acabar (past) + de + infinitive is a structure meaning "have/has just + participle" in English.
Damned, i think i should remember due the song "Acabou chorar" ...
BUT: the literal translation is not wrong and can't be discarded.
Ela acabou de beber vinho also means she finished drinking wine. (better with article: ela acabou de beber o vinho)
Is is situative or which of those two meaning are predominant? It is a big difference whether you just had wine or you finished drinking wine altogether.
"she has just drunk wine" is not accepted still (2/4/14). And for proper English, if I am not wrong, "just" is always accompanied by have + participle and never with simple past
It is becoming the accepted structure in Australia, too: "Things just got better". I still don't like it!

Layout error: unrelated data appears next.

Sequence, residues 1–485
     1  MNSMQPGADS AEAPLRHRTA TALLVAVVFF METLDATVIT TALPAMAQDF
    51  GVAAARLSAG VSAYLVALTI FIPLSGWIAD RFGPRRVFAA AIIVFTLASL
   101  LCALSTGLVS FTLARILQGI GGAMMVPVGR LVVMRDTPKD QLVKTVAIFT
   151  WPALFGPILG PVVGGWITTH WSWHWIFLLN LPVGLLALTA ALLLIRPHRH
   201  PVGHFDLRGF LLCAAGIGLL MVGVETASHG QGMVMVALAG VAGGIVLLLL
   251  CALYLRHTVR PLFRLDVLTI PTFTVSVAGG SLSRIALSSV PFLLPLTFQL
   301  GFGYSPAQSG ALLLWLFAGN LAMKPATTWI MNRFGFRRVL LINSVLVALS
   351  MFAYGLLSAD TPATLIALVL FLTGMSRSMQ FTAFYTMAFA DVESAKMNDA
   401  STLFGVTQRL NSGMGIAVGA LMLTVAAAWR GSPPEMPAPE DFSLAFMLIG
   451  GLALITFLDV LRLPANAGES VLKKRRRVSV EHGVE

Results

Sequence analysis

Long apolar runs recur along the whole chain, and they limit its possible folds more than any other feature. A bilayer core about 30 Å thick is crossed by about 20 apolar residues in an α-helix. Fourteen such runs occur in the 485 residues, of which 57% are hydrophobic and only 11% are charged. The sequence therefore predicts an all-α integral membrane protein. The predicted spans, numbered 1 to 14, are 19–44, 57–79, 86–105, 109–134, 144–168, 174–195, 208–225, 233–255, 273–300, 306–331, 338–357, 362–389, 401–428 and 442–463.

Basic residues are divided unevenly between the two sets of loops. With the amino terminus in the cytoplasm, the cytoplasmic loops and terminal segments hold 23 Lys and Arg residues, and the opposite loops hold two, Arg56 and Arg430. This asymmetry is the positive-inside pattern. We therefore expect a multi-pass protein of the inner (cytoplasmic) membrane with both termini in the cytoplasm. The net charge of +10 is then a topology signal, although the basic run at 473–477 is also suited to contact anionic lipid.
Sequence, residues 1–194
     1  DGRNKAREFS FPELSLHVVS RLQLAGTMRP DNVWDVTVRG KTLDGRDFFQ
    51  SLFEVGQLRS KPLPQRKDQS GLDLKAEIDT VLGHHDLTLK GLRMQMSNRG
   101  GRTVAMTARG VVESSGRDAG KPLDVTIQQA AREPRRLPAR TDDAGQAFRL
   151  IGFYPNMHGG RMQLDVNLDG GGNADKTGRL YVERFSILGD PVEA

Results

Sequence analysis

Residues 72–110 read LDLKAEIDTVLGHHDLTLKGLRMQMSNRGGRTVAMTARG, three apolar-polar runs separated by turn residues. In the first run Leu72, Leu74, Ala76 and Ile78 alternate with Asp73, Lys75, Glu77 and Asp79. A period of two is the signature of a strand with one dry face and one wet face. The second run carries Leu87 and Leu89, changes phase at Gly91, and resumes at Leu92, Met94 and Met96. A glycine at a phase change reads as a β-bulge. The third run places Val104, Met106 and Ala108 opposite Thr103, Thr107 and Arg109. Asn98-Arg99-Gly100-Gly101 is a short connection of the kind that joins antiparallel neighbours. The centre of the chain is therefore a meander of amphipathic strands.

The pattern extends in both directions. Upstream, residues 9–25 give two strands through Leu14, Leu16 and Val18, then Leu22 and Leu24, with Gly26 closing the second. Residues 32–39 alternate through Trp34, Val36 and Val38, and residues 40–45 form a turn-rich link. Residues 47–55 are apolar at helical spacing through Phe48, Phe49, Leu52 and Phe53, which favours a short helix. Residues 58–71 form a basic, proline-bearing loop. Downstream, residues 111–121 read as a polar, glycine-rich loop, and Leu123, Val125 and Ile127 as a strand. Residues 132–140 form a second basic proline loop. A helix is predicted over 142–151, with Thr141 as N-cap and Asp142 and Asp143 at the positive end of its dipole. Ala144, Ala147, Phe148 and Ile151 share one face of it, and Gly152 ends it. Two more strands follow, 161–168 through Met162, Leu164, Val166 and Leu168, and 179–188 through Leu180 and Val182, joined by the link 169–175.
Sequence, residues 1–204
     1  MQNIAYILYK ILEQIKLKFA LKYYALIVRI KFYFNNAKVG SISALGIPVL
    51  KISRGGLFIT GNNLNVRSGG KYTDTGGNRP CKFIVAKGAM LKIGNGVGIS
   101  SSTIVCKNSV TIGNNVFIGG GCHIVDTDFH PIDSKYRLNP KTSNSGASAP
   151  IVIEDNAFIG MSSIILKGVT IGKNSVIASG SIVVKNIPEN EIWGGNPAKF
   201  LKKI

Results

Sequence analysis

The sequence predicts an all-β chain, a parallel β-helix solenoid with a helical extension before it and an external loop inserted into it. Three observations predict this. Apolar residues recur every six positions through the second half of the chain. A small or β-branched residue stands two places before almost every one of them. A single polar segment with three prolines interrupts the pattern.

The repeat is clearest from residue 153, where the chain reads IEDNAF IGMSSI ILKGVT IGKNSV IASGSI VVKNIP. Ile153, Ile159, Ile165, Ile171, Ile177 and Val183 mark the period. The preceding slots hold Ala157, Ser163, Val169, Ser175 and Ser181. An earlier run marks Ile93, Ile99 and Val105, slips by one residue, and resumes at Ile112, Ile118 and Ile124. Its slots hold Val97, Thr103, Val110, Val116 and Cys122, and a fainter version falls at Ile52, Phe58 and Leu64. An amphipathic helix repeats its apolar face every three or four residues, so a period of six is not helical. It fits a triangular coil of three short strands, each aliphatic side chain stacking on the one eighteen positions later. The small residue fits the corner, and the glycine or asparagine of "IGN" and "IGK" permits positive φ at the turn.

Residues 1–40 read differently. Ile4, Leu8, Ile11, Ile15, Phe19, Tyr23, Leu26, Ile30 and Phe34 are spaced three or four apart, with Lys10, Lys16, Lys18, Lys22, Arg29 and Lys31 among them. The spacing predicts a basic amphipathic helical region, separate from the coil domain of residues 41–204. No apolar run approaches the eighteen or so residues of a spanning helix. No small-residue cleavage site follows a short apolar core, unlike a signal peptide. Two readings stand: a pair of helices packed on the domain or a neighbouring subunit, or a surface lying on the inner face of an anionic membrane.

i think Duo would accept "she just drank wine" (US) or "she has just drunk wine" (UK) (just a thought....)
What would be the translation for 'She has just finished drinking the wine'? Would it be 'Ela acabou de bebendo o vinho'?
No. You can't use the verb in infinitive here, You need to conjugate it.
So this is "She just drank wine", which indicates that it's not necessarily finished. How do we say "She just finished drinking wine"?
- She just drank wine = ela acabou de beber vinho.
- She just finished drinking wine = ela acabou de beber o vinho.
But they can still be ambiguous, so you can add "todo o" to avoid frustration =)
She might not have drunk all of the wine though. She's finished, but it's in a pub and there are thousands of bottles left if she wanted to continue. Is there no simple tense sentence in Portuguese that can be used to say that she is finished drinking the wine (she won't resume again)?